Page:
Three simple tips for making it work
With this YES! lesson plan, try to truly understand an image, its message, and why it’s interesting (or not). In this case it's all about happiness.
We tend to be afraid of those who are different from us. For John Hasyn, it was teenagers. Despite his feelings of intimidation, the Canadian-based photographer chose to work full-on with Inuit youth in Nunavut. What he discovered changed his perspective forever.
Use this photo to ask your students what they notice and are wondering. Then share the facts behind the image to connect to greater understanding and discovery.
Images, photos, and pictures stimulate the mind. For the viewer, they offer a chance to connect and question. They also offer potential for play and imagination, and pulling the observer into purposeful messages.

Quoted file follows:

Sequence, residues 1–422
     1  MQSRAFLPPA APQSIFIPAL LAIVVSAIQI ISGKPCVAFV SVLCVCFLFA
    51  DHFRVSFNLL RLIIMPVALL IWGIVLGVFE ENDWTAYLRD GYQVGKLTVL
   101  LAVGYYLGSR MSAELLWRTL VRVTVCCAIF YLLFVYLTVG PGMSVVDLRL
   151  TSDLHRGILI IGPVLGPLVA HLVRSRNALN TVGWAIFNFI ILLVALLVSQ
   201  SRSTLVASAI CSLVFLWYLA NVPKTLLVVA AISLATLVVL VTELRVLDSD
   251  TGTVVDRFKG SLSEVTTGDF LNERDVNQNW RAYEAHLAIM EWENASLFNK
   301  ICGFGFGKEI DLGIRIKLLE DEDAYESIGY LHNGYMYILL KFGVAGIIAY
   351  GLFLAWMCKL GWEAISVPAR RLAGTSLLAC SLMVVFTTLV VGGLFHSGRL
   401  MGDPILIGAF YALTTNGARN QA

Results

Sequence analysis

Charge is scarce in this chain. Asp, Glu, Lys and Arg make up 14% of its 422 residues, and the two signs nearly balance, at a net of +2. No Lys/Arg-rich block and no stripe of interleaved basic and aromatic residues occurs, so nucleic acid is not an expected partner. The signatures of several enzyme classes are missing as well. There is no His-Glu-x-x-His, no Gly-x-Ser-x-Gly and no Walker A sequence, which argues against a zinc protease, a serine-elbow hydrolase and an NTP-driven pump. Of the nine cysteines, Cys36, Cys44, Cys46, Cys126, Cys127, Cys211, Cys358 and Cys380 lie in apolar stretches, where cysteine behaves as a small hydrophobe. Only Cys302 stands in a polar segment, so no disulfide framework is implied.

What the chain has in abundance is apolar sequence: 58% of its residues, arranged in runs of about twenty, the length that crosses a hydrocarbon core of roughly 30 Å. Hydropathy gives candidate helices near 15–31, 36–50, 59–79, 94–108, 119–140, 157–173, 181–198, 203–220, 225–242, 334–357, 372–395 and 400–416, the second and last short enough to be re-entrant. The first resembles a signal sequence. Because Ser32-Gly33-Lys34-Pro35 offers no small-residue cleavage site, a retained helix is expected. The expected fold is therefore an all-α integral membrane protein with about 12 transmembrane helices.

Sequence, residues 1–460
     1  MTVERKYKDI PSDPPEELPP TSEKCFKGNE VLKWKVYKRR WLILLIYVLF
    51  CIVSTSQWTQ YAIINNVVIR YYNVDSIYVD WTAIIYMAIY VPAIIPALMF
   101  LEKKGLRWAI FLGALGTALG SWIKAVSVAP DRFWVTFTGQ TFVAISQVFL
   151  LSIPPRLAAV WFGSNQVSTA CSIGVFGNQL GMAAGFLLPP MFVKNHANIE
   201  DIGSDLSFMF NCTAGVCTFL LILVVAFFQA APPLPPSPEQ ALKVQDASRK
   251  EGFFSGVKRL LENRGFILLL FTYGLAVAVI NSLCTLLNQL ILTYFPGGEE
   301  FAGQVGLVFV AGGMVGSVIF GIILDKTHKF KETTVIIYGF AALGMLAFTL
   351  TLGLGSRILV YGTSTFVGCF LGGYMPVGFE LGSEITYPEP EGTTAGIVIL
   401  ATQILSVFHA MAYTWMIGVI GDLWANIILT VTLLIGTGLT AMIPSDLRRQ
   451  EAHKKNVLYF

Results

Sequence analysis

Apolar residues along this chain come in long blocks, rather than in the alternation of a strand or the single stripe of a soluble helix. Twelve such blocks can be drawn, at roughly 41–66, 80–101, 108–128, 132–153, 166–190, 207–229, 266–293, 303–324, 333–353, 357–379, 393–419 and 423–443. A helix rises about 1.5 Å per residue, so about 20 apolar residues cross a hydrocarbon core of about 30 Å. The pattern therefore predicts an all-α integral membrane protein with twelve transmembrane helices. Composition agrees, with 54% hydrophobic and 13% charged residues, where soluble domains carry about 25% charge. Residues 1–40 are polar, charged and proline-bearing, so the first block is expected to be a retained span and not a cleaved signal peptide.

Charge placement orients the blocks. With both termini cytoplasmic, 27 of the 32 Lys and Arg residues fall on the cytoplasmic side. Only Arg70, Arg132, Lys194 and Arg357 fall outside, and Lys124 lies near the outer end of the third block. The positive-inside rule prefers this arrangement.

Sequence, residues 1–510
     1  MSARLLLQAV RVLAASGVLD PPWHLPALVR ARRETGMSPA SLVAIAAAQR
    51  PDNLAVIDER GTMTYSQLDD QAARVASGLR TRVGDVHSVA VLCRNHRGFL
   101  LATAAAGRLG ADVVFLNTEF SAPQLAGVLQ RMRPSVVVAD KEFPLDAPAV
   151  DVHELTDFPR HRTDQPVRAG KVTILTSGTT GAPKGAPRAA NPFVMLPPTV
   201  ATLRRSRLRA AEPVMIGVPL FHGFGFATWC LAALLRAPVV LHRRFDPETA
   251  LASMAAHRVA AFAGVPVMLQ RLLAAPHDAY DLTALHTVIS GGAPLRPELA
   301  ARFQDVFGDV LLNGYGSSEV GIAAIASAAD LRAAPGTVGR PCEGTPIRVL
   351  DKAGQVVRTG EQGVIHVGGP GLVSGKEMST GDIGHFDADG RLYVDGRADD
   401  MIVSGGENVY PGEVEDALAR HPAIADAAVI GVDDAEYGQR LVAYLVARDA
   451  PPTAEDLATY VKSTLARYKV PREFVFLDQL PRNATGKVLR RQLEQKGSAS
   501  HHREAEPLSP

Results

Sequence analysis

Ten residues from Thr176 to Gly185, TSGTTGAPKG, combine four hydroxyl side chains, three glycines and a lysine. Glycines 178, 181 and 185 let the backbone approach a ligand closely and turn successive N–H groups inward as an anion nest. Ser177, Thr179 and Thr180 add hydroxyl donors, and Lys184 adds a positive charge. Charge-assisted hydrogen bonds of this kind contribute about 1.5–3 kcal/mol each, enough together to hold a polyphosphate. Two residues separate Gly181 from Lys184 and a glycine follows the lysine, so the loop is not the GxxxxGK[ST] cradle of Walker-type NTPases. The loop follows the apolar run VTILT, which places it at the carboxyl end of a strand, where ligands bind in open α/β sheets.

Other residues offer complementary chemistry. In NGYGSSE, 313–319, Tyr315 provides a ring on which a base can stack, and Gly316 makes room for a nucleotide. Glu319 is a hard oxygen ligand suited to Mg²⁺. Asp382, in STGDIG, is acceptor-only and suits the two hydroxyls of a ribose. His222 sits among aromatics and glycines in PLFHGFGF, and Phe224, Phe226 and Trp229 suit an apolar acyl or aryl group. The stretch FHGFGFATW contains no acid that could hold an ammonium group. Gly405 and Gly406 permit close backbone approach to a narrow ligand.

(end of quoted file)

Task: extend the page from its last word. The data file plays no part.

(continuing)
A young native writer’s ambush interview with Sherman Alexie throws her into a whirlpool of unanswerable questions about tribal loyalty, silence, and healing.
Professor Tom Murphy wanted his students to reconnect with nature. Now, they work beside farmers, fishermen, wastewater technicians, environmental groups, and Native American leaders through an award-winning service learning program.
Images, photos, and pictures stimulate the mind. With this YES! lesson plan, you and your students can luxuriate—and pause—to truly understand an image, its message, and why it’s interesting (or not).
A better economy doesn't necessarily mean a happier country.
Winona LaDuke on wild rice, wind power, Thunder Beings, self-reliance, and our covenant with the Creator.
The costs of health care and prescriptions in the U.S. are graphically compared against the rest of the world. Why do U.S. drugs cost more?
Being poor may be as great a risk factor in personal health as the consumption of cigarettes or junk food.
Give the Gift of YES!
YES! gift subscriptions bring hope and inspiration all year long.ORDER NOW